A period of activity and prosperity began with the accession of the Rev. Theodore Dresel, who assumed charge of the pastorate in June, 1857, a man of great energy and indomitable principles. Church and school at once experienced an unprecedented expansion. Both soon outgrew their quarters, and it became necessary to build a new church home. In 1861, the lot on Clay and Market streets, where A. G. Van Seggern conducted a lumber yard, was purchased from Richard C. Anderson for $8,000. On Easter Monday, April 2, 1866, the resolution was unanimously passed by the congregation to begin at once with the erection of a new and larger church. Its first cost was calculated as $60,000, but it largely exceeded that amount. Bradshaw and Bro. were the architects, and the building committee consisted of Messrs. Louis Rehm, M. Billing, Henry Stockhoff, John C. Meyer, Ph. Thomas, George Hill, Ph. Haag and Rev. Theo. Dresel. The cornerstone was laid June 24, 1866, and contains a Bible, a hymn book and samples of the paper money in use at the time. The dedication took place amid imposing ceremonies, October 20, 1867. The large organ, which should have been in place for the dedicatory exercises, met with a peculiar fate. It sank with the steamer Champion, on which it was being transported hither from St. Louis, and was replaced by a new instrument about one year later, at the builder’s expense.
Shortly after the completion of the new church, a period of turbulence and financial stringency began. But little money had been collected
preparatory to the building operations, and, although the members gave liberally, the building committee was compelled to borrow great sums, at a large rate of interest. Within two years a debt of nearly fifty thousand dollars had been contracted. These funds were obtained from every possible source, from banks, from individuals, within and without the congregation. To better control the financial situation, bonds were issued May 1, 1869, to the amount of $40,000, with Mr. J. H. Lindenberger, of the Merchant’s Bank as trustee. With the proceeds of the sale of these bonds, whose rate of interest was 9 per cent., and which were to be redeemable after ten years, most other loans were cancelled. In the succeeding five years the debt fluctuated, at one time reaching the sum of $64,000. To make matters more distressing, the treasurer of the church defaulted, which almost annihilated its credit. It was rumored that the church would go into the hands of the Catholics. It was threatened with lawsuits. Many forsook the sinking ship. Sleepless nights were passed in agony by the faithful. They personally obligated themselves for money loaned to the church. They sent in receipted bills for work which they had done and never had been paid. They gave and sacrificed until, verily, they felt it. It was not until in the late seventies that the lowering clouds were somewhat dispelled and better times smiled upon the struggling congregation.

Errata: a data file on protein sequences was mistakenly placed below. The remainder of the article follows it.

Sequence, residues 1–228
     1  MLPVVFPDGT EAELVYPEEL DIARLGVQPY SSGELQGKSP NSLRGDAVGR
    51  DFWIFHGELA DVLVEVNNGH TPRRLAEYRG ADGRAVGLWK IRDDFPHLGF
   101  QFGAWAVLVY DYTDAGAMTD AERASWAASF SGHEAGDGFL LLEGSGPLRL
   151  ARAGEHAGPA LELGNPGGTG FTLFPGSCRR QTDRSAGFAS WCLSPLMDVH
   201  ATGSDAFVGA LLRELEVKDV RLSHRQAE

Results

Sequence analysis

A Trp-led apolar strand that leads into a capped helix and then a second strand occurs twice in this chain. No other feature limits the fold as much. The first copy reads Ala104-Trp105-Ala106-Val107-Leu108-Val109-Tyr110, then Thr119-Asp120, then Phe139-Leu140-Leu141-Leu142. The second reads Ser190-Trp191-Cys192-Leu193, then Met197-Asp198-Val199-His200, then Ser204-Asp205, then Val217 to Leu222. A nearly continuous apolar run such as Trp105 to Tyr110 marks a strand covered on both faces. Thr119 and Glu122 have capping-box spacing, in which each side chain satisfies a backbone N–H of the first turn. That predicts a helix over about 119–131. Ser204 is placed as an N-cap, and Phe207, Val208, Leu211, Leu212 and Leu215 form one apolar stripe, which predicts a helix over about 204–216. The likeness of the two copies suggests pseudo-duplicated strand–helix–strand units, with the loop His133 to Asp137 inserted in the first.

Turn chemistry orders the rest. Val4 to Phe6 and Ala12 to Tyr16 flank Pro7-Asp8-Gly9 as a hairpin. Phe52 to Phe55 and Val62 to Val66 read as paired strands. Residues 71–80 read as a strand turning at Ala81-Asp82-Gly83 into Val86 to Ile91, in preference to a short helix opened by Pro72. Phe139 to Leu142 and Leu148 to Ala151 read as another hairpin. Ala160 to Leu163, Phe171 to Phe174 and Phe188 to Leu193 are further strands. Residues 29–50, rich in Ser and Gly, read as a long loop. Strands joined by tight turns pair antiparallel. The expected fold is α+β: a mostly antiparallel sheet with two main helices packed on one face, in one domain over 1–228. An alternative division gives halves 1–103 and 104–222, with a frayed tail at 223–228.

In Jul, 1869, the city purchased the vacated old church on Hancock street for $5,000, transforming it into a hook-an-ladder station, for which purpose it is used to the present day. This money was immediately invested in the erection of the school-house in which we hold Sunday school to-day, and which we use for so many practical purposes. This was a necessary step, since, by the sale of the old church that had been altered for school purposes, the school was crowded out of its quarters. The new domicile for the school children was dedicated late in November, 1869.